For patients with chronic anterior uveitis, certain risk factors, including their age and prior ocular surgeries, may increase their chances of having the condition longer, a study in Ophthalmology reports. The investigation, which looked at the incidence of medication-free remission, also found one-third of subjects achieved remission within five years.
The retrospective cohort study reviewed charts of patients who had anterior uveitis for longer than three months and were followed at several US tertiary uveitis care facilities. Remission was defined as inactive uveitis off treatment at all visits spanning at least 90 days. For patients who didn’t return for follow-up after 90 days, remission was defined as remaining inactive without receiving suppressive medications at all of the last visits.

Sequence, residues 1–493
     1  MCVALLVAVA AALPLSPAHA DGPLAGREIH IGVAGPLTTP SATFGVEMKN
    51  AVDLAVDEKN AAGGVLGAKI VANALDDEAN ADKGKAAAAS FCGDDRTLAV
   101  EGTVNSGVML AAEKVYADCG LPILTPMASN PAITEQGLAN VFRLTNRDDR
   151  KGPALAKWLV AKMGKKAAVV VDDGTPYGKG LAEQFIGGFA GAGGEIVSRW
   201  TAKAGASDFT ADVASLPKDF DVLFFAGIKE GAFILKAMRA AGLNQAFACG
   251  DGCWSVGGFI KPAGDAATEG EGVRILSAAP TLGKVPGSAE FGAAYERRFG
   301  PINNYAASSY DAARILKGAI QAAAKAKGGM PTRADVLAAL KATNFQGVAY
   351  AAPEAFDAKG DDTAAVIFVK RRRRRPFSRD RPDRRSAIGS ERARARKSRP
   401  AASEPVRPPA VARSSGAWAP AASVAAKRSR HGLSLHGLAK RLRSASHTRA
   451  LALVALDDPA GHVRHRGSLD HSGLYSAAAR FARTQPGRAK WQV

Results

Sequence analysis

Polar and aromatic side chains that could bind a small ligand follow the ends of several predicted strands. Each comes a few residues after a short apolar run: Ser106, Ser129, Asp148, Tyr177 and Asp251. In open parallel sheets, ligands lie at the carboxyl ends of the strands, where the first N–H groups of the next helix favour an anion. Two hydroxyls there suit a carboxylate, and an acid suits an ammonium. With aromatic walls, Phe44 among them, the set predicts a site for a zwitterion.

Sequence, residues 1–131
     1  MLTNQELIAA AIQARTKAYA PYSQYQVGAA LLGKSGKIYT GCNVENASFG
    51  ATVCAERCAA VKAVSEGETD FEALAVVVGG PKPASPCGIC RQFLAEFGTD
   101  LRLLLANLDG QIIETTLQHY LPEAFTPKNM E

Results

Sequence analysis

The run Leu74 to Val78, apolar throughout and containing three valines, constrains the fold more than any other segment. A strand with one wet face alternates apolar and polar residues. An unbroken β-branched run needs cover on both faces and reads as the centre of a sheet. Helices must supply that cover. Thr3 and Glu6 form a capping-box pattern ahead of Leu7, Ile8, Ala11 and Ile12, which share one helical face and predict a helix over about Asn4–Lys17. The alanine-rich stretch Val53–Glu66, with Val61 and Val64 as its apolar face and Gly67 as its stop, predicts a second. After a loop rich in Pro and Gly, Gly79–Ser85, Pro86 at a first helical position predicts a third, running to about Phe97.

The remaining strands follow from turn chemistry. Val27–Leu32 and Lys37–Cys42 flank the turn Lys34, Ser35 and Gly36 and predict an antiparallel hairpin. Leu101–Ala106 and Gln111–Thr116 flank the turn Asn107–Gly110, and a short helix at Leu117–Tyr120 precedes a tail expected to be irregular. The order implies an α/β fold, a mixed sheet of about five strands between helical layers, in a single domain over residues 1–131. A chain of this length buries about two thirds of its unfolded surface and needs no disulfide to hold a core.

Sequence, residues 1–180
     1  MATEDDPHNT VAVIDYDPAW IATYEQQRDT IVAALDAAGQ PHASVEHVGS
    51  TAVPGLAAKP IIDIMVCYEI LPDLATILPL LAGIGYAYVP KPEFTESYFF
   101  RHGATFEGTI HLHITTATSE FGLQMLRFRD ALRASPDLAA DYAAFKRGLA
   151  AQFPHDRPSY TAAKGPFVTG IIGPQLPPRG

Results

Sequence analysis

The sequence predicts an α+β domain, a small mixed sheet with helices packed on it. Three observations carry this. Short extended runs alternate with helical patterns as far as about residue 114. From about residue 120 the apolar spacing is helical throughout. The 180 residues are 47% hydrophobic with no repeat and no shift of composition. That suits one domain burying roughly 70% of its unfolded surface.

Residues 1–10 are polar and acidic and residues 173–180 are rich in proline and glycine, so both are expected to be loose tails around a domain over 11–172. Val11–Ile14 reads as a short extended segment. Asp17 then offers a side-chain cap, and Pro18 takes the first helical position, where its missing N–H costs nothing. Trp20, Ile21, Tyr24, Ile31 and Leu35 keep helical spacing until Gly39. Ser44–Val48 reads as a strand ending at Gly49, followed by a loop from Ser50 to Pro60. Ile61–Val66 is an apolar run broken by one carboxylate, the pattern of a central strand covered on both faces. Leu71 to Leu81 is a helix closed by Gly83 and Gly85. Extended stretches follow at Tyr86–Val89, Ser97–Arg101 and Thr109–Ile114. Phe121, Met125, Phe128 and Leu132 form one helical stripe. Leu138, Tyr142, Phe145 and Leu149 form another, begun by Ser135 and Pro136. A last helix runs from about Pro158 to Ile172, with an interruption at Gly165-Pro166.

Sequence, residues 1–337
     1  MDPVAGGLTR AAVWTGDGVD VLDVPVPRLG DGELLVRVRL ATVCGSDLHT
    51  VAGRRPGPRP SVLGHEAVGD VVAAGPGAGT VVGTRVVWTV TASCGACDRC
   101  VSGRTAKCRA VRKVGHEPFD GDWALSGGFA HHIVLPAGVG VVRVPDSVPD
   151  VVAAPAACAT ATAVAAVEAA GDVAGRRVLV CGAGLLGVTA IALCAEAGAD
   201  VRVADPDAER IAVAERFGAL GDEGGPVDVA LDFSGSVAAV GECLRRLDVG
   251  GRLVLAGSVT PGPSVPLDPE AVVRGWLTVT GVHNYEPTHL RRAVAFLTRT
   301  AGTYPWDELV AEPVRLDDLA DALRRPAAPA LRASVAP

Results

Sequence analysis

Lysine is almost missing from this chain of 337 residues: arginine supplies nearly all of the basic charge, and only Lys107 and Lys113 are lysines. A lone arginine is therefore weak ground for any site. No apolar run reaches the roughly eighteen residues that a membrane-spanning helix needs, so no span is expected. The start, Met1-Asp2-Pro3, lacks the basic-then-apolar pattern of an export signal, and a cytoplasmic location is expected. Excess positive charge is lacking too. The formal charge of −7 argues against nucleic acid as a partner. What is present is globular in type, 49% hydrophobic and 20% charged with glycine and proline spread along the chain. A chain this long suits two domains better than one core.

The study included 2,795 eyes of 1,634 patients with chronic anterior uveitis. The researchers reported the cumulative medication-free, person-year remission incidence within five years was 32.7%.
Investigators noted the following factors were tied to a longer disease duration: younger age, bilateral uveitis, longer duration of uveitis, prior cataract and glaucoma surgery, presence of keratic precipitates and synechiae and systemic diagnoses of juvenile idiopathic arthritis and spondyloarthropathy.
Eye care practitioners managing uveitis patients with these additional factors should take into account the higher probability of a longer disease course, the investigators suggested.
|Sobrin L, Pistilli M, Dreger K, et al. Factors predictive of remission of chronic anterior uveitis. Ophthalmology. November 28, 2019. [Epub ahead of print].|